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Resurgence of anti-war activism evident in Michigan on 4th of July

By Michigan Peaceworks

Peace organizations to march in Ann Arbor parade with "Fahrenheit 9/11" military mom Lila Lipscomb, place advertisements in 8 newspapers throughout the state.

Ann Arbor, MI, July 4th, 2005: Nationwide, the anti-war movement is experiencing a resurgence in the wake of the revelatory "Downing Street memos."* Michigan, a state from which 52 soldiers have been killed in the Iraq War, serves as a prime example of this renewed activity. Activists from around the state are ushering in Independence Day with a declaration of peace and new national priorities.

In Ann Arbor, site of historic anti-war demonstrations, post-9/11 peace advocacy organization Michigan Peaceworks will give Fourth of July celebrations an alternative spin. Activists from Ann Arbor and other parts the state will display a "peace float" and march by the dozens in the Independence Day parade. The peace float and marching unit features a rock band playing peace anthems, a drum corps, a giant dove puppet, peace signs on tall sticks, and distribution of chocolate "Earth" balls. Click here for photos of the 2004 Independence Day peace float. The parade begins downtown at William and Maynard streets. It travels east on William St., north on State St., west on Liberty St., south on Main St., and east on William St. to Maynard St.

Gracing the float will be Lila Lipscomb, the "military mom" from Michael Moore's "Fahrenheit 9/11." No one understands the significance of war and funding priorities better than Lila Lipscomb - mother of a fallen U.S. serviceperson in Iraq and administrator at a Flint unemployment agency. At the conclusion of the parade, Lila will speak to the media on behalf of Michigan's "new national priorities" campaign.

Also joining the peace float will be activists from the eight Michigan cities where "signature" advertisements are being placed in local newspapers on the 4th calling for new national priorities. Those cities in addition to Ann Arbor, include Adrian, Battle Creek, Ironwood, Manchester, Mt. Pleasant, Oakland County, and Traverse City. Thousands of people throughout the state are lending their names and donating to support the placement of these ads, which highlight the money spent on the Iraq War and contrast that with unmet human needs on national, state, and local levels. The funding shortfall for human needs programs is felt acutely in Michigan, which has the nation's highest unemployment rate and poorest economic outlook.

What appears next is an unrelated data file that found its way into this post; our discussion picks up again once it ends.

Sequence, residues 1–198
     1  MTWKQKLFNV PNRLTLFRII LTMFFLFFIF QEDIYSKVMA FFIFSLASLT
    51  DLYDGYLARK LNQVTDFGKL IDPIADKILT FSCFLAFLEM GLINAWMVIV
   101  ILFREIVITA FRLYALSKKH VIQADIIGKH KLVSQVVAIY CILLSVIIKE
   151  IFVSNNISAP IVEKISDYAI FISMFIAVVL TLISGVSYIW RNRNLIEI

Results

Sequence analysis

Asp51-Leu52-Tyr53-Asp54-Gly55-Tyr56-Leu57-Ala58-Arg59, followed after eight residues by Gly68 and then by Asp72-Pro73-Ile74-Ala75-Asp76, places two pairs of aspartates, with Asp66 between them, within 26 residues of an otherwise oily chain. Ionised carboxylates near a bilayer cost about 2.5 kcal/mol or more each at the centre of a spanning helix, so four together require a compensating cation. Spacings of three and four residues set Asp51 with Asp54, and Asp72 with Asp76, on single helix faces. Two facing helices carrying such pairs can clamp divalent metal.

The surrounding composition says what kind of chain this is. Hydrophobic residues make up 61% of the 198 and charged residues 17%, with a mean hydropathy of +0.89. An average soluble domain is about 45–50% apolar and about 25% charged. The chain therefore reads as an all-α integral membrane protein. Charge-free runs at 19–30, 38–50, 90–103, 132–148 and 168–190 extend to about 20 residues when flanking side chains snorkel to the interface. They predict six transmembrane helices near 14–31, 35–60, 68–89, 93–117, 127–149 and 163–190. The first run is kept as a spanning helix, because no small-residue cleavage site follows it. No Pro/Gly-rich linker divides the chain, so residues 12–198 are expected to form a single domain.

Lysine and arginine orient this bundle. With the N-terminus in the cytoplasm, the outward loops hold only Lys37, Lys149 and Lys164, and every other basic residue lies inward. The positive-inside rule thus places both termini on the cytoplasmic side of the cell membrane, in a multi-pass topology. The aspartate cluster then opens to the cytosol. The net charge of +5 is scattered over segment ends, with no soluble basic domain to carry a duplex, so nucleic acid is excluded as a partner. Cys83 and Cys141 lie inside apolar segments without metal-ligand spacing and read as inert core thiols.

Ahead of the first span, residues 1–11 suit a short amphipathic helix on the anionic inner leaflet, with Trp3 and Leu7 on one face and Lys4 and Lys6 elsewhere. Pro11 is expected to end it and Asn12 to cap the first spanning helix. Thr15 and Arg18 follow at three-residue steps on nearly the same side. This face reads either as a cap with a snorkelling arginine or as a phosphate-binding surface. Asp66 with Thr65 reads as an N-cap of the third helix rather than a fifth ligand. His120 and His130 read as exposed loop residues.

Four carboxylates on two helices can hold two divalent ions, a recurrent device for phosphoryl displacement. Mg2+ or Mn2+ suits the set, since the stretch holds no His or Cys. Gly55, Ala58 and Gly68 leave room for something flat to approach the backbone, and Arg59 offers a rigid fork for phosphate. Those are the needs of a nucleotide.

Click here for the text of the advertisements.


* The London Times released the classified Downing Street Minutes on May 1, 2005. The minutes, from a July 23, 2002, British Prime Minister's meeting, state that the US government was planning to invade Iraq before going to the United Nations in the fall of 2002 - a revelation denied by the Bush administration. "Military action was now seen as inevitable," read the minutes. "Bush wanted to remove Saddam, through military action, justified by the conjunction of terrorism and WMD. But the intelligence and facts were being fixed around the policy."

On June 16, 2005, Rep. John Conyers Jr. (D-MI) held a hearing about the minutes and delivered a letter to the White House, signed by 123 Congressmen and over 560,000 Americans, asking President Bush to answer questions raised by the minutes.

On the same day as the Downing Street hearing, four U.S. Representatives - Neil Abercombie (D-HI), Walter Jones (R-NC), Dennis Kucinich (D-OH), and Ron Paul (R-TX) - introduced a bipartisan resolution into Congress calling for an exit plan from Iraq. The resolution calls on President Bush to announce his exit strategy by year's end 2005, with the withdrawal of troops starting no later than October 1, 2006. Currently the resolution has 14 co-sponsors. Sen. Russ Feingold (D-WI) introduced a similar resolution into the senate last week.

Recent polls show that President Bush's approval ratings have dropped to 43% and that 59% of Americans support an immediate withdrawal from Iraq. Polls also show that only 39% of Americans approve of the president's actions in Iraq, down from 45% in February.

Michigan Peaceworks
120 1/2 W. Liberty, Ann Arbor, MI 48104. 734-761-5922.

For more information contact:
Phillis Engelbert, Michigan Peaceworks Executive Director
734-761-5922 or 734-662-0818


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